As a result of this logic, the colonial model created institutions determined to own and possess history in order to categorize it (using Eurocentric methods of classification). In many cases, history and artifacts were/are appropriated, to the extent of removing sacred items and even bodies (or just body parts) and putting them on display. Think of mummified Egyptian and Indigenous bodies, Sara Baartman (known as the Hottentot Venus), etc. Items stolen from their original communities are often displayed or archived in museums, archives, and libraries. Because of this, it is important to take the moment to reflect when we work on, interact with, curate, and teach archives or the items in them. Here are a few questions to consider:
- Who determines what belongs in the archive?
- Who defined the archive? Who determined what was archivable?
- Who created the metadata? (Think about the traditional way of organizing things in a library, i.e. using Library of Congress subject headings)
- Who maintains the archive?
- Who has access to the archive or the knowledge contained in the archive?
- Where did the material originate?
Since, as mentioned earlier, archives have historically functioned as an instrument of colonialism, community members with personal collections are often wary of institutional archives. Even today, large, well-known libraries have disposed of or sold collections deemed “unimportant” (usually minority collections) in order to make room for “more important collections.” Moving away from an archive design that requires possession and ownership is a stance that delinks libraries from the colonial model. The postcustodial theory of archives is “the idea that archivists will no longer physically acquire and maintain records, but that they will provide management oversight for records that will remain in the custody of the record creators” (Pearce-Moses). Digital technology allows archivists the ability to return physical collections to the original record keepers and create digital copies that can be housed in an institutional repository. Furthermore, postcustodial practices offer opportunities for community engagement, as Sofía Becerra-Licha (2017) suggests. Digital technology, she contends,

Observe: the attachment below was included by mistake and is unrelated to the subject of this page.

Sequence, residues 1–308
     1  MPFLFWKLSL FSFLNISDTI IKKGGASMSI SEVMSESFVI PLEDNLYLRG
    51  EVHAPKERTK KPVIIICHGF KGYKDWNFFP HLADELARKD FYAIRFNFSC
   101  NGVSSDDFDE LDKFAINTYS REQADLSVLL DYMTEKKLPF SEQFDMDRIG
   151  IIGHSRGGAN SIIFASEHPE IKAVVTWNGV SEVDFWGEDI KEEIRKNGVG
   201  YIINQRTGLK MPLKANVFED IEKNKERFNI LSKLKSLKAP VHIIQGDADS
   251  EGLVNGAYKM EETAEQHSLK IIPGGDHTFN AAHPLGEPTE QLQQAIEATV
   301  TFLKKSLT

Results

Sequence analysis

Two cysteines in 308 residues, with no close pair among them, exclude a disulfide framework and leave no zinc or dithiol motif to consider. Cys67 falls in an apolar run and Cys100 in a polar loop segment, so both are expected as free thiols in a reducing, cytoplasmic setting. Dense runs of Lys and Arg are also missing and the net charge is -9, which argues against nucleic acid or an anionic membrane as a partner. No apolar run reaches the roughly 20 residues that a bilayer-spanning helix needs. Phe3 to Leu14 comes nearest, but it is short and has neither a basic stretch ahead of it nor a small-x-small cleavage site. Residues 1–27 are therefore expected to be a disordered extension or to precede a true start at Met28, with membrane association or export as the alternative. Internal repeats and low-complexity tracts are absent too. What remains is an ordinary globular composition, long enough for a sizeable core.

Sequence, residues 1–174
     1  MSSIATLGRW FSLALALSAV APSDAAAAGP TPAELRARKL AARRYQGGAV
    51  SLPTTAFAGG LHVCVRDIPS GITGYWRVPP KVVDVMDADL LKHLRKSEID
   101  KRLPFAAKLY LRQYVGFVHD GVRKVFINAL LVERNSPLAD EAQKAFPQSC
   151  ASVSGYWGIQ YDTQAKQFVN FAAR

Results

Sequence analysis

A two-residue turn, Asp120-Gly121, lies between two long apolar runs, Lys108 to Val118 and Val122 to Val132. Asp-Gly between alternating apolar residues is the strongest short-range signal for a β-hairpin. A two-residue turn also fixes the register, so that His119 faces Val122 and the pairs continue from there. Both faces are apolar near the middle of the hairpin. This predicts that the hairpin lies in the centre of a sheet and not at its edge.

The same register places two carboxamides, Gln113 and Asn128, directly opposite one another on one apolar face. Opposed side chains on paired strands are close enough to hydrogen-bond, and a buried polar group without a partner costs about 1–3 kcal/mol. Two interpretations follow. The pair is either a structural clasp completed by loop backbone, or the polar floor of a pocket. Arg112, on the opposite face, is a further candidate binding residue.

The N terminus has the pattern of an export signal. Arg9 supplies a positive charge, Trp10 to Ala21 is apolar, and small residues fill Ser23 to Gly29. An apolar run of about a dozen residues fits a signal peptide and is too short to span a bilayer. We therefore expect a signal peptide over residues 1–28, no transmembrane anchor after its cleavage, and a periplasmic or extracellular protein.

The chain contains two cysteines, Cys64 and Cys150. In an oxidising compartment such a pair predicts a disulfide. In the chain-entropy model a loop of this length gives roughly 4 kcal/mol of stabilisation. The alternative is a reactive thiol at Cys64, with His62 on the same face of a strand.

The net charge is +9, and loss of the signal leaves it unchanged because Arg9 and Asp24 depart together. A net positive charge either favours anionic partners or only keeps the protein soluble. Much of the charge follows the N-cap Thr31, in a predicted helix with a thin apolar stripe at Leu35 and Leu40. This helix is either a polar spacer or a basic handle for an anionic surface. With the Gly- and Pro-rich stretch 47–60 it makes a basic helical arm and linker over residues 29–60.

…presents a significant opportunity for participatory and post-custodial approaches that seek to shift curatorial authority and access to the communities represented. In this model, archivists work side-by-side with community members to actively rectify gaps in historical coverage and proactively document the present day. (n.p.)
Postcustodianship allows us to re-think the institutional structure of the archive and promotes new possibilities for record oversight and knowledge-production. Considering the questions posed earlier and the theory of post-custodial archives, we can begin to restructure archives themselves. Personal and community archives can challenge traditional notions of “the national archive” as both a brick and mortar building and a collection of the “official” history. The goal of post-custodianship is to open up new avenues for creating knowledge. It allows the communities themselves to maintain ownership of their own histories, but also fills in the gaps of the official record by providing minority points of view.
Foucault, Michel. The Archeology of Knowledge. London: Tavistock Publications, 1972.
Lorena Gauthereau is a CLIR Postdoctoral Fellow at Recovering the US Hispanic Literary Heritage at the University of Houston. Find her online at https://lorenagauthereau.wordpress.com.